I am told that these same Merchants have a Comittee to consider of some method for getting rid of the Naval Office which is judged to be a Grievance & I doubt not they will either refuse to enter & clear or if they do will refuse to pay the usual fees but as this is yet in Embrio I must defer any further account of it until it is brought to something of maturity.6 I know of nothing else worth communicating. I am with the most sincere respect & esteem Sir Your faithful & most obedient Servant,

    T H

    P.S. Since the morning when I wrote the foregoing Colo Dalrymple was at my house to introduce two Gentlemen from the Southward one from Virginia Mr Wormesley the other from Maryld Mr Ogle son to the former governor.7 I had but little conversation with this company coming in & they were in haste to go to Salem. I have since seen Gen Mackay. He tells me their principal business is to see our sons of Liberty & to let them know that their conduct is not approved of by the Southern Colonies that they extend their Ideas much further than the people of Virginia or Maryland that there they have not in contemplation any thing more than the repeal of the Duties upon paper glass &c. or of the late Act so far as it lays those Duties and that if we carry matters to the length which since their coming here they perceive to be intended we may depend on it the Southern Colonies will leave us. If this be true as I believe it is the Crests of our Cocks of the game I think will fall. I have not sufficient evidence of this fact to mention it in my Letter to Lord Hillsborough but shall know the circumstances more fully when the Gentlemen return. It may however be of use to communicate it to you to be improved as you think proper.

    AC (Massachusetts Archives, SC1/series 45X, 26:361–62); unaddressed but TH numbered his letters to only two correspondents during this time—Bernard and Lord Hillsborough—and the tone and contents of this letter are more in line with TH’s other correspondence with Bernard; marked, “per Hall &c” for ship transport.

    393. To Lord Hillsborough

    Boston 8. August 1769

    No. 1.

    My Lord, As the Governor will make the fullest representation of the state of the Province at the time he left it, I shall not take up your Lordship’s time in mentioning any thing which occurred before, but shall not fail of acquainting your Lordship with every thing, after that, which shall appear to me to deserve your notice.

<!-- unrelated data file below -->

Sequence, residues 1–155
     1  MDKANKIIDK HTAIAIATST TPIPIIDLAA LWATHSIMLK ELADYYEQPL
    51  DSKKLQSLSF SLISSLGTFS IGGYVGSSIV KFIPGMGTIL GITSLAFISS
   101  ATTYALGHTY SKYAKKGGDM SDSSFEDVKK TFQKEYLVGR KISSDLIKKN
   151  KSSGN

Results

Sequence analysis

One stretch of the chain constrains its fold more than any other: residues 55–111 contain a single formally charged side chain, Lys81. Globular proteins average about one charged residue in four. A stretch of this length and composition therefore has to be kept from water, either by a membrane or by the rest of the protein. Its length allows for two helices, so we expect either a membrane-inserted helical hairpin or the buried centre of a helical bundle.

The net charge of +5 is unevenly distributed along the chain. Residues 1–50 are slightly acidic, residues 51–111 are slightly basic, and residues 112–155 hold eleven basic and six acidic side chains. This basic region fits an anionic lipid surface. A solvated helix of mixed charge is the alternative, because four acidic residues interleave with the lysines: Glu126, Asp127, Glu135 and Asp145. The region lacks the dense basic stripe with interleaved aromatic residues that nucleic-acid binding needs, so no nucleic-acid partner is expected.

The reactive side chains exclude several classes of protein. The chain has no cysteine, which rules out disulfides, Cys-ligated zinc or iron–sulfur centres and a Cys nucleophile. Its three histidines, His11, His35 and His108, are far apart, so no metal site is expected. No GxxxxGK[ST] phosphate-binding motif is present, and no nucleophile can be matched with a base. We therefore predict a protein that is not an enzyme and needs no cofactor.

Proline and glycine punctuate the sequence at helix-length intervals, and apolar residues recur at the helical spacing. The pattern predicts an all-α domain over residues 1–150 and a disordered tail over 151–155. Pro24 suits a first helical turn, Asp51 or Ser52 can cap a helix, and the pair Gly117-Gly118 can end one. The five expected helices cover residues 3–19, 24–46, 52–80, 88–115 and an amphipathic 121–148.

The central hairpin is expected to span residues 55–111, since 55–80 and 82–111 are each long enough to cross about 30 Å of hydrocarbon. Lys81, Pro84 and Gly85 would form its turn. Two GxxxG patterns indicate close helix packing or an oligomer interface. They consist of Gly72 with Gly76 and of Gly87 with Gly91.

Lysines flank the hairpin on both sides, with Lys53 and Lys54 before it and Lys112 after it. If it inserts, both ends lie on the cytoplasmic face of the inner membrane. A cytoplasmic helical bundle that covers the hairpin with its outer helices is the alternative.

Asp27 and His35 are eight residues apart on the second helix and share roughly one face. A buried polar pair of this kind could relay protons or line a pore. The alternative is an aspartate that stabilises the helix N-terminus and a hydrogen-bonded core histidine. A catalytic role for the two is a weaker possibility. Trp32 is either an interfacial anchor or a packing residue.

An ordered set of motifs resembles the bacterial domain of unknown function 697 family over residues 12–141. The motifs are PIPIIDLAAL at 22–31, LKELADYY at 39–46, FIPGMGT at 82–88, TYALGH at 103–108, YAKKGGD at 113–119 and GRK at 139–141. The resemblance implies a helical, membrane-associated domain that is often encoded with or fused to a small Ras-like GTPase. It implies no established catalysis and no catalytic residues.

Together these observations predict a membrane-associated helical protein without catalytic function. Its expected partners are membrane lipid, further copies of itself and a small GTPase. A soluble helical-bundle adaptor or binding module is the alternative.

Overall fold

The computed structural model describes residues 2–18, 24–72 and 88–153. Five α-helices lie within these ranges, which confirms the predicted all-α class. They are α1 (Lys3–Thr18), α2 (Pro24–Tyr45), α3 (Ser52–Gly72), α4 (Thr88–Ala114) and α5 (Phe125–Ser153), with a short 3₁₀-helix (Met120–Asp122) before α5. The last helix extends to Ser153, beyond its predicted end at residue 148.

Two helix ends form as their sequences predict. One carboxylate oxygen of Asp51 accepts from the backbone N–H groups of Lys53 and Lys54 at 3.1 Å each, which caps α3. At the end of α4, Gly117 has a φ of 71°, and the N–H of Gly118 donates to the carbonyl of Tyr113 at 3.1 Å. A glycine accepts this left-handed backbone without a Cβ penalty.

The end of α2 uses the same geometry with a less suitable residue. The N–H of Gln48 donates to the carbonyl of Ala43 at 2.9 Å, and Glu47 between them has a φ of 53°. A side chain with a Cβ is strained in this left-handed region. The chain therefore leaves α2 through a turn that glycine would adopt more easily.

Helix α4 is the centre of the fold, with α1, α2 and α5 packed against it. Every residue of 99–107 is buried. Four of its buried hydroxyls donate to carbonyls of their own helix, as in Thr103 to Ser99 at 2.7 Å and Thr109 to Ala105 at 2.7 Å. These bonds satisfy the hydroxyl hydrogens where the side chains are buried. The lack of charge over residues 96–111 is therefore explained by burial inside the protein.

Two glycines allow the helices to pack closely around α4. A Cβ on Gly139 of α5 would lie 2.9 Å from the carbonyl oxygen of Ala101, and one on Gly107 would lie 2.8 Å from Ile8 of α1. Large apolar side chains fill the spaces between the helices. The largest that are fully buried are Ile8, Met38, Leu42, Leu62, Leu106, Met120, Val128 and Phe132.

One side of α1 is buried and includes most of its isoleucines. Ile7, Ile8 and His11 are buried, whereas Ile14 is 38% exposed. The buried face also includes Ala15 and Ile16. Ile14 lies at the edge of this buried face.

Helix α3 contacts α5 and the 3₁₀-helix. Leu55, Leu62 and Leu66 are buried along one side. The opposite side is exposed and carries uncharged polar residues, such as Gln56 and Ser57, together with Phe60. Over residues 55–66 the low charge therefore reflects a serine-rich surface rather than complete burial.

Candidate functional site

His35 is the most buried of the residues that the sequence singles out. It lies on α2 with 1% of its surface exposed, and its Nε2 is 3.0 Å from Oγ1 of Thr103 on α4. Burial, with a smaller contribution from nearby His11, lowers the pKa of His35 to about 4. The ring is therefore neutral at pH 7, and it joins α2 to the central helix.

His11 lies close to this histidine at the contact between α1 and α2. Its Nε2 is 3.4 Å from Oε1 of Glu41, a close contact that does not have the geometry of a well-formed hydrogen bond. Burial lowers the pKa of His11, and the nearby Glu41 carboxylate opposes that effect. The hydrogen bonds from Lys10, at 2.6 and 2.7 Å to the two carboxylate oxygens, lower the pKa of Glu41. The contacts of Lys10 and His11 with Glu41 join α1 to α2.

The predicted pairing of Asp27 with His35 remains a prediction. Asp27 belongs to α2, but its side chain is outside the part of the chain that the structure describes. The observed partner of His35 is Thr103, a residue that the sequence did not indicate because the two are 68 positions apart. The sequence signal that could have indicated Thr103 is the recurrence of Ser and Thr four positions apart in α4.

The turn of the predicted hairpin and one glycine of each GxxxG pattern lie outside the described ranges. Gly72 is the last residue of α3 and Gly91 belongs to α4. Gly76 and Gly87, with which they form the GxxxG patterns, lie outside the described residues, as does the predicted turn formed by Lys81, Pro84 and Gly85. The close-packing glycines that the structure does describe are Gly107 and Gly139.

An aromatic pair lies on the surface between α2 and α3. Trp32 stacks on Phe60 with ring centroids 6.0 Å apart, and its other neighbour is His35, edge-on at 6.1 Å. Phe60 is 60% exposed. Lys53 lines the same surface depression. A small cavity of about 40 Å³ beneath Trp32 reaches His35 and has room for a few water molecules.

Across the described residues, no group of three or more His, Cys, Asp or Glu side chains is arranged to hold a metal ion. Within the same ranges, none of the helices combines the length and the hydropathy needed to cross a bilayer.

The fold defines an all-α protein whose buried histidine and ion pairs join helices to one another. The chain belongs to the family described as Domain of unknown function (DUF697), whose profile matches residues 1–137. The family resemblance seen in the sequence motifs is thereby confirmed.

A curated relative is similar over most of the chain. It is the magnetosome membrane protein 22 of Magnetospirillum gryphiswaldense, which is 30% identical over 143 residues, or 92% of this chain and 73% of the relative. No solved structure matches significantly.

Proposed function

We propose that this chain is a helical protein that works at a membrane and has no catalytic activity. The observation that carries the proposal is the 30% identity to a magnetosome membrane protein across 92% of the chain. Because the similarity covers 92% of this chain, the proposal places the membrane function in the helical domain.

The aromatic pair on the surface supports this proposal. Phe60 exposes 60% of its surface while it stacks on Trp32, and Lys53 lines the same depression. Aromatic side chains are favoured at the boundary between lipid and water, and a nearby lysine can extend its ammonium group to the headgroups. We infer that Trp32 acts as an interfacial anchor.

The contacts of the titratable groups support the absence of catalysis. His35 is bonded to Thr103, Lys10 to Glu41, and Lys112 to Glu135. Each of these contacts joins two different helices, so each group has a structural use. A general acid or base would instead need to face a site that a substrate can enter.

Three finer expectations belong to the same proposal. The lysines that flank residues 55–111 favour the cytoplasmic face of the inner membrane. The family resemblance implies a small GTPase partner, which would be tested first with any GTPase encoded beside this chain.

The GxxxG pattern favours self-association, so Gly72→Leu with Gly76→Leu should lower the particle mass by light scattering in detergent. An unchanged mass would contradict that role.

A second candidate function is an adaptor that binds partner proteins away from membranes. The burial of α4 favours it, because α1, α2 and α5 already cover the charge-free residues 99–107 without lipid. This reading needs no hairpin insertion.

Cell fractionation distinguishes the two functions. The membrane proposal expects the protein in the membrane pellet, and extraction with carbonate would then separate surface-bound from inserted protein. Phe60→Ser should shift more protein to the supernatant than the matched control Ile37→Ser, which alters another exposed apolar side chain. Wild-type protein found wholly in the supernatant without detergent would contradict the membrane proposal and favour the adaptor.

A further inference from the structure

The great Object, at present, with those who call themselves sons of Liberty is to put a stop to any further importation of goods from Great Britain and meetings for that purpose are called, and held by adjournments where resolutions are come into Committees appointed and other proceedings had in as formal a manner as in a body corporate legally assembled and known & established by the Constitution; and these meetings have had such effect that within these few days most of the Importers in Captain Jacobson have engaged not to dispose of their goods for a certain time unless they have the leave1 of the Merchants in general to do it, and most of the Traders who until now had firmness enough to stand out have joined in the subscription to import no more goods until after the 1st of January, and because there are still a very few who have not complied a subscription is carried about, from house to house that every Inhabitant may engage not to purchase any goods from such persons as shall refuse to join in the general agreement not to import.2

    I am very sensible that this whole proceeding is unwarrantable but it is so generally countenanced in this and several other Colonies and the powers of Government are so feeble3 that an attempt to put a stop to it would have no other effect than still further to inflame the minds of the people. I can do no more therefore at present than represent it to your Lordship and wait for such Instructions as may be thought proper. I have the honour to be with the greatest respect My Lord Your Lordships most humble and most obedient Servant,

    Tho Hutchinson

    DupRC (National Archives UK, CO 5/758, ff. 180–81); at foot of letter, “The Right Honorable the Earl of Hillsborough”; marked “Duplicate.” RC (National Archives UK, CO 5/893, ff. 159–60); at foot of letter, “The Right Honorable the Earl of Hillsborough”; docketed, “Massachusets. Duplicate of a Letter No. 1. from Thomas Hutchinson Esqr. Lt. Govr. of Massachusets Bay, to the Earl of Hillsborough, dated August 8, 1769, relative to the measures taken by those, who call themselves Sons of Liberty, to put a stop to any further importation of Goods from Great Britain. Recd Read Decr. 6. 1769.” AC (Massachusetts Archives, SC1/series 45X, 26:360); at foot of letter, “Rt Hon Earl of Hillsborough.” SC (National Archives UK, CO 5/768, ff. 20–21); docketed, “Lieut. Governor Hutchison, Boston, 8th. August 1769 (No. 1.) Rx 13 Septemr. (Dup, Orig. not received)”; in an unknown hand. SC (Staffordshire Record Office, Dartmouth Collection D(W)1778/V/611B); extract (“The great Object . . . as may be thought proper.”); in an unknown hand. SC (Houghton Library, Sparks 43, 1:111); extract (same passage); at head of letter, “Thos. Hutchinson to the Earl of Hillsborough”; in an unknown hand.